William Walker, American Filibusterer
The quest by Southerners to expand slavery outside of America’s existing borders is ongoing. It succeeds in 1836 with the founding of the Texas Republic on some 350,000 square miles of Mexican land. Then fails nine years later in Cuba when an invasion attempt backed by Mississippi Senator John Quitman, carried out by the Venezuelan “free-booter” (filibusterer), Narciso Lopez, ends with his execution in Havana.
Then comes the Mexican War which appears to open up new slavery land all the way from Missouri to California. That is until the 1846 “Wilmot Proviso” signals the intent of the North to oppose expansion – a move which panics the South and draws it toward secession.
Into this context comes the larger-than-life figure of William Walker who intends to lead the Southern cause. Outwardly he presents a frail almost feminine stature and a quiet manner of speaking. But underneath lie the “cold grey eyes” and explosive temper of a repeated duelist, and the unshakeable egomania of one destined to be “no ordinary person.”
Walker is born in Nashville in 1824, earns an MD degree from the University of Pennsylvania at 19, then practices briefly before moving to New Orleans, where he passes the bar and takes up journalism, as editor of the New Orleans Daily Crescent. The gold rush brings him to California and works at the San Francisco Herald. At age twenty-five he has become a physician, a lawyer, and a journalist, a full life for most men, but not for Walker.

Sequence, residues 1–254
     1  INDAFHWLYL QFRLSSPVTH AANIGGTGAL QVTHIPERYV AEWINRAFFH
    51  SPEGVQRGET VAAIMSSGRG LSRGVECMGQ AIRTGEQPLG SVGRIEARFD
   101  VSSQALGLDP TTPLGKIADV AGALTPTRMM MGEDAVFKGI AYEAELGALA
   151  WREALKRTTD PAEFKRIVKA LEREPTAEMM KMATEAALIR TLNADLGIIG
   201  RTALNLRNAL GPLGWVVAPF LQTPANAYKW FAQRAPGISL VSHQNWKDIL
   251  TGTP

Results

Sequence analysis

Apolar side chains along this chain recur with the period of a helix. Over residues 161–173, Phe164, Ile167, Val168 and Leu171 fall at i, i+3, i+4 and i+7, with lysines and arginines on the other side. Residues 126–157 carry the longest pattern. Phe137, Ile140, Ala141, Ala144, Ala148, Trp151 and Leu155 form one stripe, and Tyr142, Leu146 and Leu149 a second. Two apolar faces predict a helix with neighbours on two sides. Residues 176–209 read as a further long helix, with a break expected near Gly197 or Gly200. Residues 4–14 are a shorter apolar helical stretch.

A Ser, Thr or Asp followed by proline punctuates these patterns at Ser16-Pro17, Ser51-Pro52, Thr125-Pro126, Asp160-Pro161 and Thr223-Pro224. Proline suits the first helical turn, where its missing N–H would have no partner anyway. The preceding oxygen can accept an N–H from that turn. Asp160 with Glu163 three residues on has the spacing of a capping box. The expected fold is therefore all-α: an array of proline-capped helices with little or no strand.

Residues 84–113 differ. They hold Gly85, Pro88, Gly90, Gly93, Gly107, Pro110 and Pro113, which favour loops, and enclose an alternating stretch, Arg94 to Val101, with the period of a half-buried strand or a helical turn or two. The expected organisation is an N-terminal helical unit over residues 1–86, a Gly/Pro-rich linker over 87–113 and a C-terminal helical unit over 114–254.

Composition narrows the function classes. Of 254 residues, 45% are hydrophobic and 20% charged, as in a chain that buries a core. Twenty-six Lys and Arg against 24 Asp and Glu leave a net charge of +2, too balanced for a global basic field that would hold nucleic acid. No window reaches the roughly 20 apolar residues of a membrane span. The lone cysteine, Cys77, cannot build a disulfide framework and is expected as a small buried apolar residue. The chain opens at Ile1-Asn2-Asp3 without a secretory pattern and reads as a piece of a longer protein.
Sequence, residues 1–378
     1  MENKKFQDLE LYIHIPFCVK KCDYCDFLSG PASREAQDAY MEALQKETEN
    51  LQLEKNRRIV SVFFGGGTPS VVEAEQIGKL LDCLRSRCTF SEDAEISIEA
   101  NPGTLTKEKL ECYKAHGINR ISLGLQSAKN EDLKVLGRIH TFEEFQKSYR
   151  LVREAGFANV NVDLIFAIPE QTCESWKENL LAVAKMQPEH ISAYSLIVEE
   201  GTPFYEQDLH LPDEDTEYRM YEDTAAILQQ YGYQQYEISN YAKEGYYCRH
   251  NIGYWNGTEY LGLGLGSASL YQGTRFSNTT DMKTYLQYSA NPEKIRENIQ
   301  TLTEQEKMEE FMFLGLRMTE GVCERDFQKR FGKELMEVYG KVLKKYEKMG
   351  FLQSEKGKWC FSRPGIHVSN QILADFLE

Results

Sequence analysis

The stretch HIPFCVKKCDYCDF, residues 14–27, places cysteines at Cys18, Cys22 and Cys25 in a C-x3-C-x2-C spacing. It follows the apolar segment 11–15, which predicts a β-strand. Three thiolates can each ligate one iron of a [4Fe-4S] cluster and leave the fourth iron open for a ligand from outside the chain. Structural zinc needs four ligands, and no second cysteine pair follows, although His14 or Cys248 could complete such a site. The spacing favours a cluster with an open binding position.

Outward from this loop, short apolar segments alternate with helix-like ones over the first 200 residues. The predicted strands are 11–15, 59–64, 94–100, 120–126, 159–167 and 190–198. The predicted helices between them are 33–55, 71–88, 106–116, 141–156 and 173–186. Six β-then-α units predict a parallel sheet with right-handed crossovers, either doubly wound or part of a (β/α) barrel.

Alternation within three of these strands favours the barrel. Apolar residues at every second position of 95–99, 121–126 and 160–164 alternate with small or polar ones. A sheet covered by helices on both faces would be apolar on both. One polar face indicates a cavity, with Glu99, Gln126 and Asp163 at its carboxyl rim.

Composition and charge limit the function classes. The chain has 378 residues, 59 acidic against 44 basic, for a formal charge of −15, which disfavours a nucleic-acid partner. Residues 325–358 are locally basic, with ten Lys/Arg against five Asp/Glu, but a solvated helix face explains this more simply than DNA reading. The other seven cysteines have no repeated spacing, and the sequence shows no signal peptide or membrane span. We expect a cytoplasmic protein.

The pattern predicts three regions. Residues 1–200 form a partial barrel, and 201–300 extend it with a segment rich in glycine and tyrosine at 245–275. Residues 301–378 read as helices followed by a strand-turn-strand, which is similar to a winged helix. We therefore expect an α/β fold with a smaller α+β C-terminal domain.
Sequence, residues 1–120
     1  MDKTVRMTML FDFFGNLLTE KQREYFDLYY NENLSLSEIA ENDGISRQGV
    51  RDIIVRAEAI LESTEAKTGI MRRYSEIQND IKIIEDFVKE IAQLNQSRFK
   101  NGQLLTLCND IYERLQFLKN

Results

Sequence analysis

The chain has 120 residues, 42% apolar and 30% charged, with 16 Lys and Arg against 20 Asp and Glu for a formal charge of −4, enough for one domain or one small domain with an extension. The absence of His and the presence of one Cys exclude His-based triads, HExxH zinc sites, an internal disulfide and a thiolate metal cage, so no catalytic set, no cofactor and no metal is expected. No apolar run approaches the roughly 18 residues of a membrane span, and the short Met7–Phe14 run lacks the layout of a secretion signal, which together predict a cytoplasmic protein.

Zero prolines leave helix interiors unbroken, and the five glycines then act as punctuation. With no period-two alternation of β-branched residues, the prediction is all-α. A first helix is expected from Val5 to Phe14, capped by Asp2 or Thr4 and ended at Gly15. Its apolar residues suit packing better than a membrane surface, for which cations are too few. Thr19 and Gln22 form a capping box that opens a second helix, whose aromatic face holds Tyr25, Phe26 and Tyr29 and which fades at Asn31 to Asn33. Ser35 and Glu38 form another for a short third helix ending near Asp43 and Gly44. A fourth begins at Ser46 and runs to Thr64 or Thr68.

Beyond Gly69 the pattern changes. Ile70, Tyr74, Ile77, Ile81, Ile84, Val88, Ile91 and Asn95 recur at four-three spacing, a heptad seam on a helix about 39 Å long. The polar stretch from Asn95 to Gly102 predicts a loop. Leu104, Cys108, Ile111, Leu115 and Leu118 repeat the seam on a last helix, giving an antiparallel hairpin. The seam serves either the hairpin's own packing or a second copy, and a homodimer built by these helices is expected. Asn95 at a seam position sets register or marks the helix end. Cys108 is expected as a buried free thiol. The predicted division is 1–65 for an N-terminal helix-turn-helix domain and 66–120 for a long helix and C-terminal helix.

In 1852, he sets his sights on leading a small army to conquer, and then personally rule, land to the south, reinstituting slavery as he goes.
His first move is against the Mexican province of Sonora located below the border with Tucson.
He set sail in October 1853, along with a small band of only 45 soldiers, down the Gulf of California before making landfall and marching 100 miles inland to seize the capital of La Paz.
While he proclaims his role as a dictator, his tenure is brief. Fighting with Mexican troops in November forces him to retreat from La Paz to Ensenada, near the California border in December. Despite the setback, he declares himself emperor of “The Republic of Lower California” (Sonora and the Baja peninsula) and leads another expedition south. But this too ends in failure, and on May 8, 1854, Walker and 34 stragglers are taken into custody by U.S. authorities at Tia Juana and charged with violating the 1794 Neutrality Act.
Still, he is undeterred, and within a year turns to Nicaragua for his next conquest. It is a small nation, with some 260,000 residents dominated by Mestizos (Indian/Spanish blood) and with a history of civil wars which leave it vulnerable to invasion.
Walker is backed this time by Democrats like Pierre Soule, Senator Lewis Cass, and General John Wool, and by financier George Law who envisions a railroad running across Nicaragua to link the waters of the Atlantic and Pacific. Manpower is added by recruiting mercenaries such as Frederick Henningsen, a veteran of combat in Spain and Hungary.